Lots of DIRT on Motley Crüe

Commentary, Film and Television

Glam metal legends Motley Crüe finally got the cinematic treatment in this year’s The Dirt.

Directed by Jeff Tremaine, the biopic is an adaptation of their collaborative 2001 memoir of the same name. There was no shortage of material to adapt: Motley Crüe were as well known for their debauched off-stage behaviour as they were for their similarly sleazy brand of hard rock, and The Dirt is full of crazy stories, ranging from run of the mill drug-fuelled antics to Ozzy Osbourne snorting a line of ants.

The film moves at the efficient pace of a Broadway musical, chronicling the band’s rise and fall to a wicked soundtrack of eighties hair metal. Early Crüe tracks like underrated Too Fast For Love cut “Take Me to the Top” lend the film a youthful, hungry energy as we watch the young band work their way up from the Sunset Strip club scene; disintegrate (many times over) due to drugs and infighting; and inevitably reunite to remind the world how they got to the top to begin with.

Not to say it’s a purely lighthearted affair. The band members all had appetites for self-destruction, and seem to have spent most of their heyday on their own individual downward spirals.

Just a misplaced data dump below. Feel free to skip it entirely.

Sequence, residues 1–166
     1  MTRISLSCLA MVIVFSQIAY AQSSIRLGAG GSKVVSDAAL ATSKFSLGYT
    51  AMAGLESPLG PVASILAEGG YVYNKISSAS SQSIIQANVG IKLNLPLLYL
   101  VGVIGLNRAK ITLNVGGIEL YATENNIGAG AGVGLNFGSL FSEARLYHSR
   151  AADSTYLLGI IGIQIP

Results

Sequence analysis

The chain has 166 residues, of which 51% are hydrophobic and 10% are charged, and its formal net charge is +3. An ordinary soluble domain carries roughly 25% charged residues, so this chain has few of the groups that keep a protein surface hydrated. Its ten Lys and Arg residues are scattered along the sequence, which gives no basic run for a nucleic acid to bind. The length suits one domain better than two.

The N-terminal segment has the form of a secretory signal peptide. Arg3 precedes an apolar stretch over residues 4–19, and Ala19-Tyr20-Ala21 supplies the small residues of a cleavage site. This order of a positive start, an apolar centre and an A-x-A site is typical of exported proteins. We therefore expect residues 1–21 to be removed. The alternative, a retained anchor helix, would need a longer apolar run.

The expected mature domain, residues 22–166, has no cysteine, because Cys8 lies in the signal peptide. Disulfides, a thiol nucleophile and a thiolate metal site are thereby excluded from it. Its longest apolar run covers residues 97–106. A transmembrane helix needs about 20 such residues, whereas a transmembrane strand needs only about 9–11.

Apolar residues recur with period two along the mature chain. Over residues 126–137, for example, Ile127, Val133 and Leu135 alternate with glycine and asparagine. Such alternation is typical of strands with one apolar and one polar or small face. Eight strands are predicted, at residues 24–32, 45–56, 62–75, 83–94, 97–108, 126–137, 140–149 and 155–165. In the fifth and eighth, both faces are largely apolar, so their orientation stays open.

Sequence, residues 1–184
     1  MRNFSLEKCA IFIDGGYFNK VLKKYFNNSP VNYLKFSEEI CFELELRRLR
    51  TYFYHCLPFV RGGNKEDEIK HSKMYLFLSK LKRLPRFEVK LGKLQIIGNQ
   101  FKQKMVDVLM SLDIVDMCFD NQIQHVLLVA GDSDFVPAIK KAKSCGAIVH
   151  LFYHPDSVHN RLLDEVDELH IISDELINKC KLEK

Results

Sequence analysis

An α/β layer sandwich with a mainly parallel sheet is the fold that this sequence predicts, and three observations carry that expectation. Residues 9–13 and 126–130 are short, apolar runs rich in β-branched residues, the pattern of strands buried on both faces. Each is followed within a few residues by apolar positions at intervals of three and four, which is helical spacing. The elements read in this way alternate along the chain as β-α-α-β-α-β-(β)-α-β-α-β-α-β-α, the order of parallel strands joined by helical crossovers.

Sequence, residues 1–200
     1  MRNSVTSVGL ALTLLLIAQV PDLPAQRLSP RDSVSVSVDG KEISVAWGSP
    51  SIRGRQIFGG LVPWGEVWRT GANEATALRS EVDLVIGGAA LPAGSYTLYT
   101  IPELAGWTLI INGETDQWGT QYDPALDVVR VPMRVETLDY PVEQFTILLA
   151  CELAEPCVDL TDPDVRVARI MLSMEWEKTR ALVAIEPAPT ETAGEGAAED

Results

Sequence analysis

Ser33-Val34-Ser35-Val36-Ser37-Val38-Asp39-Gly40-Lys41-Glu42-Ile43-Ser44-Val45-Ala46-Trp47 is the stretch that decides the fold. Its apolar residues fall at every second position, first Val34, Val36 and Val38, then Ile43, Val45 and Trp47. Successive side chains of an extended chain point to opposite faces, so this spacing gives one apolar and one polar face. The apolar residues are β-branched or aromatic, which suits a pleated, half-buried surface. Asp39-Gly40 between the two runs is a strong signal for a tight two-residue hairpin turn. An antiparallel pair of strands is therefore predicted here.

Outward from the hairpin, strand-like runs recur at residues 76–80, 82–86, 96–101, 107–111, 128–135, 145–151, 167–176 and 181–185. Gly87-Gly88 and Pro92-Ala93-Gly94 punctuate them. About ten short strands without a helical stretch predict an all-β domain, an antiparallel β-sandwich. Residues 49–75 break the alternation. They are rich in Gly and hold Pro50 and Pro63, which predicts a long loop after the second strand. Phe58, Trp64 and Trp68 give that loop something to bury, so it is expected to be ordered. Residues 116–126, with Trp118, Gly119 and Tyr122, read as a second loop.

A lot of the screen-time is devoted to Nikki Sixx’s troubled childhood and the heroin addiction that nearly killed him, as well as the tragedies that befell (or were in some cases caused by) singer Vince Neil. And of course, notorious drummer Tommy Lee (played with a hyperactive bro energy by Machine Gun Kelly) gets into all sorts of trouble of his own.

To be honest, I always found guitarist Mick Mars to be the most intriguing Crüe member. An old-school blues-rocker who reinvented himself as a hair metal demon, his cynical observations and frank discussions of his health problems (he was diagnosed with a degenerative bone disease as a young man, and struggled with alcoholism on top of that) were the best parts of the book.

His character is underused in the film, admittedly, but benefits from the ability of actor Iwan Rheon (who you likely won’t recognize from his turn as sadistic Ramsay Bolton in Game of Thrones) to capture his offbeat charisma. Despite his limited screen-time, he’s still one of the more compelling characters here. Significantly older (in music industry terms) than his bandmates and the most experienced musician of the bunch, he has little patience for their antics and occasionally breaks the fourth wall to call bullshit.

As much as these guys were reckless punks who epitomized toxic celebrity and rock star excess, they were also ambitious musicians desperate to achieve their dreams. Yes, their biggest hits were cheerfully trashy and gleefully vulgar, but they took their music seriously: it was all they knew how to do, and at their lowest moments, it was all they had.

Title: The Dirt

Director: Jeff Tremaine

Screenwriter: Rich Wilkes

Year: 2019

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